The victory of Mohammed Morsi in the Egyptian presidential elections could enable Hamas to secure international recognition, an official in the party told the Bethlehem-based Ma’an news agency on Monday.
Ahmad Yousef, who is regarded as a Hamas moderate, told Ma'an that the Morsi presidency could help end the West's isolation of the movement, as well as ending Israel's blockade on Gaza.
He predicted that Morsi as president will “get the international community to recognize us and deal with us, just as it did with the Islamists in Tunisia, Egypt and Yemen.”
He noted that the movement would accept any condition from the international community in exchange for international recognition except one: recognizing Israel. He claimed that a Hamas recognition of Israel means giving up rights.
“I am confident that the West will deal with Hamas and remove the movement from the terrorism list, because for four years Hamas has started to show moderation and flexibility,” Yousef said, adding that Hamas is ready to take Egypt's advice, and to accept any reconciliation deal it brokers with the rival Fatah party.
Hamas wildly cheered Egypt’s Muslim Brotherhood victory in the presidential election on Sunday, welcoming Morsi’s election with the usual gunfire.
Senior Hamas official Mahmud Zahar said that Morsi’s victory was “a historic moment and a new era in the history of Egypt. De facto Gaza Prime Minister Ismail Haniyeh said he is looking to Egypt to help “the Palestinian nation get freedom.”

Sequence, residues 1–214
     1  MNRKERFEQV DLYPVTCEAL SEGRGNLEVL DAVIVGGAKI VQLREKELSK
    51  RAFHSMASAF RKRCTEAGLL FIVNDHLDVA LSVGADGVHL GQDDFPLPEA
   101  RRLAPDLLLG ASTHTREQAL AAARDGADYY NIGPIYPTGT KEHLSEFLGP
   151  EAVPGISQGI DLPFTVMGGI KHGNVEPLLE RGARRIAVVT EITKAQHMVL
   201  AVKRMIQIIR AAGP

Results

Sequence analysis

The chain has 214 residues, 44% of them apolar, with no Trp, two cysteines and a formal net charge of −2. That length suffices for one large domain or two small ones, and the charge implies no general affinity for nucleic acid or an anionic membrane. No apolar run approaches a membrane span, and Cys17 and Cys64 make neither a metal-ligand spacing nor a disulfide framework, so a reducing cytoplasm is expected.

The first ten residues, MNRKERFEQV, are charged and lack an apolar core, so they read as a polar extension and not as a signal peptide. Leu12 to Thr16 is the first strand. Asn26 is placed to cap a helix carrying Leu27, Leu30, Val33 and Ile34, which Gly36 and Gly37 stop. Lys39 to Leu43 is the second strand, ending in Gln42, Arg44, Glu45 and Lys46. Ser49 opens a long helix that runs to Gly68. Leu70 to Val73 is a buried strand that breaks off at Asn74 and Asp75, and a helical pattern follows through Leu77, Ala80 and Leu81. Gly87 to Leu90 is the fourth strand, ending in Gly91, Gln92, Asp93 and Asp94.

The Muslim Brotherhood helped found Hamas in 1987.
On Monday, the Iranian Fars news agency published an interview with Morsi in which he said he will “reconsider the Camp David Accord” with Israel. He also said that he wants closer ties with Tehran to create a “balance” in the Middle East.
The Egyptian presidency later denied that Morsi gave an interview to Fars, saying that “everything that this agency has published is without foundation.” It was suggest that the news agency simply fabricated the interview with Morsi.
Meanwhile, a Fatah adviser played down Hamas’ confidence after the Morsi victory, saying it was misplaced.
“Hamas’ judgments are not accurate,” the adviser, Nimir Hammad, told Ma’an. “If their judgments about the situation in Palestine are inaccurate, how can they give accurate judgments about Egypt?”